Neonatologist Mark Weems, MD, entered into the medical field differently than most. A film production major at Northwestern University, Weems spent two years in Hollywood before deciding the show business life was not for him. In search of a more fulfilling career, Weems quickly set his sights on returning to school – this time to study medicine.
“I always had medicine in the back of my mind. My grandfather, father and uncles were physicians. But as an undergraduate, when organic chemistry had interfered with my film classes, I dropped it,” said Weems.
A Memphis native, Weems and his wife returned home where he enrolled at the University of Tennessee Health Science Center after completing two years of prerequisite classes in California. A rotation at Le Bonheur Children’s Hospital inspired him to focus on pediatrics – neonatology, specifically. After a neonatology fellowship in Los Angeles, Weems again returned to Memphis to start his career in Le Bonheur’s rapidly expanding Neonatal Intensive Care Unit (NICU), where he serves as the unit’s associate medical director.
Today, Weems is one of 15 neonatologists who staff the hospital’s 60-bed Level IV NICU. The unit is the region’s “safety net” for newborns with complex medical needs, says Weems, caring for patients from a tri-state area.
Parents don’t plan for their baby to spend months in the NICU. Our job is to take care of, not only the babies, but the whole family, helping them cope with the unexpected.”
“Parents don’t plan for their baby to spend months in the NICU,” said Weems. “Our job is to take care of, not only the babies, but the whole family, helping them cope with the unexpected and often preparing them for the technology we send home with them.”
With an average daily census of 53, Le Bonheur’s NICU is busy. And with so many patients to care for, so too comes the opportunity for research projects. Specifically: reducing uncontrolled pain in neonates, preserving babies’ oral skills and addressing the severe bronchopulmonary dysplasia population in the NICU.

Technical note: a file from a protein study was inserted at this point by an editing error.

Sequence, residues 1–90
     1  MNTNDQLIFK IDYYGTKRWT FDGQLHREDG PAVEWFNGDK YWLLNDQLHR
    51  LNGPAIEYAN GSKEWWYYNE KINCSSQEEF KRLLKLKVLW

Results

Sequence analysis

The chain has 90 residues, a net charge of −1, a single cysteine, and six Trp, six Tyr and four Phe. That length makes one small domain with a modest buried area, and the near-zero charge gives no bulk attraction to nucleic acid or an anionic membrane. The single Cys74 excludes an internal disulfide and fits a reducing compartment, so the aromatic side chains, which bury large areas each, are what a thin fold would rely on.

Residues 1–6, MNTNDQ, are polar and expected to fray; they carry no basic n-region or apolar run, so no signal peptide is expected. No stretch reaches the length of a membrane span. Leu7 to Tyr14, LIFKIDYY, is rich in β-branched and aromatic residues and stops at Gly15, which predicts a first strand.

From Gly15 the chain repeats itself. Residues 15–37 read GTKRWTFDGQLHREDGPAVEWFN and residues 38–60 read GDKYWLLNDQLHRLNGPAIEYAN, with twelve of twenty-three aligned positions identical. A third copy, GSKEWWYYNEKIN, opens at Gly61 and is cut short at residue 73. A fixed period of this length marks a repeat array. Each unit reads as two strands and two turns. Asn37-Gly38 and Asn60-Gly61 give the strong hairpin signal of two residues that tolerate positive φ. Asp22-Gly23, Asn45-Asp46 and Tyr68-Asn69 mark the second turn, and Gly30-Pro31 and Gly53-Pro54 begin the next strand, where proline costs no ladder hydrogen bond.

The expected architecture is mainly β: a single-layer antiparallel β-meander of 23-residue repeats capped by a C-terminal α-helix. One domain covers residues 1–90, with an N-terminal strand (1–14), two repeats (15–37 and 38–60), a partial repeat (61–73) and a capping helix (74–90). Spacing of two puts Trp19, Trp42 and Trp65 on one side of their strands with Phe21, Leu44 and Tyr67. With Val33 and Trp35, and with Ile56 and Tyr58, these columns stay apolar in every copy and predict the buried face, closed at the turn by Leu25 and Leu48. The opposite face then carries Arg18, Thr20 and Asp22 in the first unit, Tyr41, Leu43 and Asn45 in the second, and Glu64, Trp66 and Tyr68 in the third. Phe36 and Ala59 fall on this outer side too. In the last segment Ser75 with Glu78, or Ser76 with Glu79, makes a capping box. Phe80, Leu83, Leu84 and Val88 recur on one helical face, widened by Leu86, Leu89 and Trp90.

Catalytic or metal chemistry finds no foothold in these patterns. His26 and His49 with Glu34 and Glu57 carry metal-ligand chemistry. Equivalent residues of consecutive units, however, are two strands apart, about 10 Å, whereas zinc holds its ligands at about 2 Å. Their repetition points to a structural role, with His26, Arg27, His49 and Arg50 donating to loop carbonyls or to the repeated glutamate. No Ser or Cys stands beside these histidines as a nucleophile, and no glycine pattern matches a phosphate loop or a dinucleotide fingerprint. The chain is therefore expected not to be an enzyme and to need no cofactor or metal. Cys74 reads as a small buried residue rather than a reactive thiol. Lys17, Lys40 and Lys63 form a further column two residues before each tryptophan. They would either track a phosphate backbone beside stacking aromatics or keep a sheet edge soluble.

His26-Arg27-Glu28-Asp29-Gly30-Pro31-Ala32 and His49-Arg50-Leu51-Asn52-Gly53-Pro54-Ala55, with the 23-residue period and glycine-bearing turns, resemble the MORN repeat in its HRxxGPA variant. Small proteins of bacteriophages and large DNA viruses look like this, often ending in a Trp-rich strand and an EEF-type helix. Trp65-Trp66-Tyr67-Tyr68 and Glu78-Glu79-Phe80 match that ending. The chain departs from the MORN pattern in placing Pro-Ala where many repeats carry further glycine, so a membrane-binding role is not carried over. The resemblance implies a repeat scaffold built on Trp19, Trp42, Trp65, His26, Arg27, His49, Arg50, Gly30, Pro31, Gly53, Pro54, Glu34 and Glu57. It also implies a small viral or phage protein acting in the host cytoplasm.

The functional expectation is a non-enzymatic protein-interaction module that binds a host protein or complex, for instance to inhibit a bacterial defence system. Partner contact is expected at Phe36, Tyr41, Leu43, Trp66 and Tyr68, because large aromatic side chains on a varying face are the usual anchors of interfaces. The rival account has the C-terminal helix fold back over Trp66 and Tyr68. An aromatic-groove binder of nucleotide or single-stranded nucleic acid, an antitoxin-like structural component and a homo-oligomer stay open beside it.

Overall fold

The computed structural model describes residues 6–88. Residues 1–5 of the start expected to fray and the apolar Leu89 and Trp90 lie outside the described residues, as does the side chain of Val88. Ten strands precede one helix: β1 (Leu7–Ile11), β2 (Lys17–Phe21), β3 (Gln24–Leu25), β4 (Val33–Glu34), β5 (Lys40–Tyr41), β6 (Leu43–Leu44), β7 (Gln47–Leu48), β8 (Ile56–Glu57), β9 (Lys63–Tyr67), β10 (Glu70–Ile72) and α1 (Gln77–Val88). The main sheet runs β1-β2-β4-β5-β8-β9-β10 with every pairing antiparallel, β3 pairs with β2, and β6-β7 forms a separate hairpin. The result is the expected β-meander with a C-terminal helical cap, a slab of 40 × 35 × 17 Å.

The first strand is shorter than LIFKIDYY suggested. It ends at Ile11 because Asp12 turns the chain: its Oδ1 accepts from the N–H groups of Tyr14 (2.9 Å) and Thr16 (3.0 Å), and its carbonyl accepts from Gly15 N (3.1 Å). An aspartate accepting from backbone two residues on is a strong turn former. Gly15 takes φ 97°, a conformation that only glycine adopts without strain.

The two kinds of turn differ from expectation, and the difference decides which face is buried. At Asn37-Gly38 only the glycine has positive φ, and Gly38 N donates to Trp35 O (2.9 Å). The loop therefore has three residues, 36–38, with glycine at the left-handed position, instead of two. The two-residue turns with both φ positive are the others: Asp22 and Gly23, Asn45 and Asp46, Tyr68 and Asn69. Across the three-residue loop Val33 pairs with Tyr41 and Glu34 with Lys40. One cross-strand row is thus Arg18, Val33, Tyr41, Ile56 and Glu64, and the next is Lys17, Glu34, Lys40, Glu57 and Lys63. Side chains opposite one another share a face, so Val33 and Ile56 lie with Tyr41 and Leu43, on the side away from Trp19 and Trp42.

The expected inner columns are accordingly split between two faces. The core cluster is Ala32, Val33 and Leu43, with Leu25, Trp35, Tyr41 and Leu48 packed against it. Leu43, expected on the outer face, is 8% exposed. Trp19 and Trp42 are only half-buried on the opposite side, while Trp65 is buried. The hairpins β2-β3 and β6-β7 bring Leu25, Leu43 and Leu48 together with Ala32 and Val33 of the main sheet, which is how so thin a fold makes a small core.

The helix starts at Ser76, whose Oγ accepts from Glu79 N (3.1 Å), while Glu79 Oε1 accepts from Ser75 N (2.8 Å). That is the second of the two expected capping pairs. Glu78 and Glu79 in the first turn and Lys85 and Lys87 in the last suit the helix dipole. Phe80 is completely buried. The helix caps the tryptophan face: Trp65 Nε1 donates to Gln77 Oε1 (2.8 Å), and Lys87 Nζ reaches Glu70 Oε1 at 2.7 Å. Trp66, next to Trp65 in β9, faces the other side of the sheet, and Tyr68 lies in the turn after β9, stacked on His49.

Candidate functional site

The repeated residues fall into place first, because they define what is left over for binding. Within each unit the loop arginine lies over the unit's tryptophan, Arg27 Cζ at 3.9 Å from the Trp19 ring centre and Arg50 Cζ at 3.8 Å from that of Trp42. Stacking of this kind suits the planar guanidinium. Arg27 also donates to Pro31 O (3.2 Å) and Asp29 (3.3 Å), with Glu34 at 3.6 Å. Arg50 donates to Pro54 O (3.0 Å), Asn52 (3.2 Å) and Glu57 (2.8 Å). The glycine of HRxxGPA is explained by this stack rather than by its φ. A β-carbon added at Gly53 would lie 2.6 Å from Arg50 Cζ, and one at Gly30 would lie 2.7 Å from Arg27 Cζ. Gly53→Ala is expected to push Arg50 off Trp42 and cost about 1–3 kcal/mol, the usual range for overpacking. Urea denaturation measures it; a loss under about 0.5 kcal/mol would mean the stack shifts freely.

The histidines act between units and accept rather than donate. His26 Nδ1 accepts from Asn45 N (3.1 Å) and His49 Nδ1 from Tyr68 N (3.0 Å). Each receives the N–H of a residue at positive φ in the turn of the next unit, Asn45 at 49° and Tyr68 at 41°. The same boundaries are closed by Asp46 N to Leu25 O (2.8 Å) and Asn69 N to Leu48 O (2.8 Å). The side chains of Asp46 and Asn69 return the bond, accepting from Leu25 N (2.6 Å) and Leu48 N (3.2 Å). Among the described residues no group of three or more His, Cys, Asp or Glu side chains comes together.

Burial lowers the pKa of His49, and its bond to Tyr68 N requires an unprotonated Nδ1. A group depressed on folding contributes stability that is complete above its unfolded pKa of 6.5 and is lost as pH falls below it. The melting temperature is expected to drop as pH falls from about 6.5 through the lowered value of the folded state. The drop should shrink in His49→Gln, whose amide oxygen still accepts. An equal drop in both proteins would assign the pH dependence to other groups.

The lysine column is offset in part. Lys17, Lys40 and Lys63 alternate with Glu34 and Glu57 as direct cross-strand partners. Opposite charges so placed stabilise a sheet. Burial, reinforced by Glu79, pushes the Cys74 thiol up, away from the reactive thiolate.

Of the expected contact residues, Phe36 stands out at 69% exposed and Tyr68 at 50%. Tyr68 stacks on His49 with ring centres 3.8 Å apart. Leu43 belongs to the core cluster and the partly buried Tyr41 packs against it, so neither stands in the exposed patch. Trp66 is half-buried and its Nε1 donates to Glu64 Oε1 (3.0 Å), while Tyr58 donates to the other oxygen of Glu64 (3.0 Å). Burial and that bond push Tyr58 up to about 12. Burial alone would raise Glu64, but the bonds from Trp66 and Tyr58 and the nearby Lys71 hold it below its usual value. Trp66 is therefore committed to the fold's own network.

Le Bonheur is currently part of a 34-center national consortium focused on reducing uncontrolled pain in neonates after surgery. Using specific post-operative guidelines, Weems and his colleagues monitor patients’ pain levels, scoring based on blood pressure and heart rates, as well as facial expressions. While too little medication causes babies unnecessary pain, too much is also a problem, says Weems, as physicians are understanding more and more about the negative effect of pain therapy and sedation on long-term brain development.
Preserving oral skills is crucial for babies who can’t eat after abdominal surgery. In these cases, Weems and his colleagues encourage a “sham feeding” that still allows parents to feed their baby (bottle or breast feeding). The milk is then removed through a suction tube in the baby’s stomach, which allows neonates to develop crucial oral skills needed to feed while waiting for the intestines to recover. In the pilot stage, the study is hypothesized to reduce the time it takes to start feeding by mouth and reduce the need for a gastrostomy tube, especially in infants with gastroschisis.
Another research focus: babies with severe bronchopulmonary dysplasia.
“So many of our babies with lung disease remain in the NICU for one or more years. Many families do not have the resources they need to take care of a tracheostomy at home, and we currently have no long-term care facilities to help these babies transition to home,” said Weems.
Neonatologists are working to identify babies at risk for severe lung disease early on – typically any infant born before 26 weeks and those still on ventilator support at 36 weeks. Early identification allows caregivers to better manage the baby’s respiratory therapies and work to prevent long-term issues.
Weems is passionate about the work his team is doing. “I like the stage of life when parents are trying to grow their families. And I get to help when something goes wrong,” said Weems.
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